In a grand and generous gesture – or maybe they were just hard up for entertainment – the Great Plains Regional Youth Conference of the National Grange has asked me to speak at their meeting in Lawrence on Saturday.
Ever since I met Roger Bostwick, the head of the Kansas State Grange, and his family at Farm Aid last summer, the Grange has been good to me. I was invited to their meeting in Emporia last fall and I’ve called on some of their members when I’m checking out possible stories.
So when Nathan Strawder, a Grange member from Park City, Kansas, who is organizing the conference, emailed me and asked to speak at their lunch, it took me about a nanosecond to reply.
Next step: what to talk about?
Nathan suggested I tell the young people about the importance of speaking up and telling their own story, in an effort to help promote agriculture and rural issues. This didn’t surprise me, since Nathan spoke to me last fall about his concerns with the U.S. Post Office cutting back on some services. He’s also an advocate for more broadband services in rural areas – which is particularly important to a young guy who lives out there.
Farmers and ranchers of all ages and stripes are being encouraged to speak up and tell their own stories about agriculture. It’s the new mantra – those involved in agriculture are told they should take their case to the American people and educate them on where their food comes from.
"There's an emotional connection to some of what we produce," he said. "We connect it to happy times, we connect it to good experiences, and that needs to be better utilized, so that there's a level of trust and connection. Agriculture is losing the emotional battle. ...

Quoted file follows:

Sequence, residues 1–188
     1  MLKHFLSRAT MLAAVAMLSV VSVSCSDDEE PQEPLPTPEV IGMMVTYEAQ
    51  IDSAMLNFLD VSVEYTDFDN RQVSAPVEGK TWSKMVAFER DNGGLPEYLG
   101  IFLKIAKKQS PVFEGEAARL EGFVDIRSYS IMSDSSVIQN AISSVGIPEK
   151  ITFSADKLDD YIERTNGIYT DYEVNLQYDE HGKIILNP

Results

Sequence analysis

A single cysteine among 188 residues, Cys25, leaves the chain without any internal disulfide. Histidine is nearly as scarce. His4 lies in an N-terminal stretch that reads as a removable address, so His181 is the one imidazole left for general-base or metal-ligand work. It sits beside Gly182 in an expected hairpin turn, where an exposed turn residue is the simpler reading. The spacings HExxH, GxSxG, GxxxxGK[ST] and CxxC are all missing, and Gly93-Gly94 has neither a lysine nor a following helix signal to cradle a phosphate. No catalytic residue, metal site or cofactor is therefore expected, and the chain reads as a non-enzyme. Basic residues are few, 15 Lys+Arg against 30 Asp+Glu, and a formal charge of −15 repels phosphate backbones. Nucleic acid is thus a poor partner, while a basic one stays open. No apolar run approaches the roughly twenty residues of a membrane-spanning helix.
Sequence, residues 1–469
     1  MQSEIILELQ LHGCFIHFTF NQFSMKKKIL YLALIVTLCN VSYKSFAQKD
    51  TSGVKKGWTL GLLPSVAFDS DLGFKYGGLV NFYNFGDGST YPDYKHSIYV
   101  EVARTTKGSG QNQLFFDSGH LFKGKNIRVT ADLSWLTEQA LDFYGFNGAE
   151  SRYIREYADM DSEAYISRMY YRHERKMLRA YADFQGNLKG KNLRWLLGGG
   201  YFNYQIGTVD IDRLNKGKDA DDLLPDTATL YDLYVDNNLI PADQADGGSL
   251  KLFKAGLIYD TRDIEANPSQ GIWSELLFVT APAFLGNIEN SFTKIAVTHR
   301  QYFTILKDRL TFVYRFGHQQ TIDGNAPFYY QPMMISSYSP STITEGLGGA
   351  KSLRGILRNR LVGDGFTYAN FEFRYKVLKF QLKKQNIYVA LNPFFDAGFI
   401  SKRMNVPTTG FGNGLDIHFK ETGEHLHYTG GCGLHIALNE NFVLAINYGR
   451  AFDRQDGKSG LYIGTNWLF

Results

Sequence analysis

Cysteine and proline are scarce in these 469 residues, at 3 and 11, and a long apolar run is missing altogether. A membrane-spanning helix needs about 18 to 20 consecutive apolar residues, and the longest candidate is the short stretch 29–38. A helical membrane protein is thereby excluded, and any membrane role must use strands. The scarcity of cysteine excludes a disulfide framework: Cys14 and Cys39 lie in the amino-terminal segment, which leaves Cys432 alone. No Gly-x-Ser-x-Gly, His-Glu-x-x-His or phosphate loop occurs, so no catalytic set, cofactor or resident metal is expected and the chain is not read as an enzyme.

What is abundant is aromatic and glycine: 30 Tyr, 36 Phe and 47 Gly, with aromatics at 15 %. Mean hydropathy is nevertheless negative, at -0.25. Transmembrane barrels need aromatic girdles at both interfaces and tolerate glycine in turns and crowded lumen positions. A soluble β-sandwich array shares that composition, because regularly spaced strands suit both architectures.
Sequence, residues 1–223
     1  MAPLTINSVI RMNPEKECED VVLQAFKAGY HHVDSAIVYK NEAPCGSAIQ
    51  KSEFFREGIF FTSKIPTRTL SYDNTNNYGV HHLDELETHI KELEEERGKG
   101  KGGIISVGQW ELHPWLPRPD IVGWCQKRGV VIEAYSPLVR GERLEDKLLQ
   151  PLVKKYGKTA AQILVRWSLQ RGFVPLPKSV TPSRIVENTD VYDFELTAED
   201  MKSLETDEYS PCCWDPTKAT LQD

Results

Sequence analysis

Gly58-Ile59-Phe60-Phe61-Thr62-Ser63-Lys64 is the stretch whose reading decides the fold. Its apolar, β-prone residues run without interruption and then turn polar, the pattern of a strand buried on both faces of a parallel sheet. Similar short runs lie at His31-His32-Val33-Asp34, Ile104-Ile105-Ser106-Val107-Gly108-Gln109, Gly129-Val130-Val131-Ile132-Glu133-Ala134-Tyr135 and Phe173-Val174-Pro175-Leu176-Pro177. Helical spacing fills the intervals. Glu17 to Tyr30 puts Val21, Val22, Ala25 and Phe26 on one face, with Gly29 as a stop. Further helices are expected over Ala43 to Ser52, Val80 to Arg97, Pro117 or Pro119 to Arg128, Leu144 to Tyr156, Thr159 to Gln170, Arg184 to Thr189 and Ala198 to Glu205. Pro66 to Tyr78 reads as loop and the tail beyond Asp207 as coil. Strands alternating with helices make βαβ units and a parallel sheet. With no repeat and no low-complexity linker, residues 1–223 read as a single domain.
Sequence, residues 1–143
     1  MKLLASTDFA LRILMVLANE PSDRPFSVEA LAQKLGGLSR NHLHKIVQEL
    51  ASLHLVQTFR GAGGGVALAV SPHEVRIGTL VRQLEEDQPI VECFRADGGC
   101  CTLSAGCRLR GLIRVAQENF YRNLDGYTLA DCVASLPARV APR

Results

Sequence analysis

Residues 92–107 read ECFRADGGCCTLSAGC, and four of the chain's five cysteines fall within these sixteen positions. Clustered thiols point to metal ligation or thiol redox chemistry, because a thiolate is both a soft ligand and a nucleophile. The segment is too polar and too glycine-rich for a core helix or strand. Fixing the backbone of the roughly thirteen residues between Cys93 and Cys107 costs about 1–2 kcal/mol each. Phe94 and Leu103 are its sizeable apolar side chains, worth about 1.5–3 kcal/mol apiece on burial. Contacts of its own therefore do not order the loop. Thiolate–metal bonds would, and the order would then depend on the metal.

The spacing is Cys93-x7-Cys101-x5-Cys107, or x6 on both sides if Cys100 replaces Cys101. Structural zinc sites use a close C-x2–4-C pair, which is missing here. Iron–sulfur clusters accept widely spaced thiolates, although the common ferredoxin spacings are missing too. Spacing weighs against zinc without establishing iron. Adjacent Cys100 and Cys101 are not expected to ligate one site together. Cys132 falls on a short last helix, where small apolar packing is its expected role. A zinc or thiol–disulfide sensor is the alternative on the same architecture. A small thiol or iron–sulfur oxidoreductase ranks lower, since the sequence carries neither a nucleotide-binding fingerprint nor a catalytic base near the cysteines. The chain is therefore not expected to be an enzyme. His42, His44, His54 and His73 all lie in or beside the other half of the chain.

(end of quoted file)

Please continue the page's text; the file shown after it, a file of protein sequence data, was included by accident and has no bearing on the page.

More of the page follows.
"That's why it's extremely important for us to get agriculture elevated in this country. I'm doing the best I can, but we all need to be singing."
So that’s what I’ll be talking about on Saturday – the need for those young people to tell their own story. And of course I’ll show them how easy that is with the Harvest Network. By signing up as a source for public broadcasting, these young farmers and ranchers can become part of our grassroots reporting team, sharing their experience and expertise.
But I’m also going to share with them a good comment we got from our Facebook page. Chystal Yocom offered up something simple – a nice thank you from someone who knows what their work is like.
I would share with them that those of us who spent difficult but joyful days, weeks, months working "in the fields" as teens (and who are not currently working in agriculture) have great respect and admiration for the people who are taking the industry forward, especially with all of the current changes and challenges.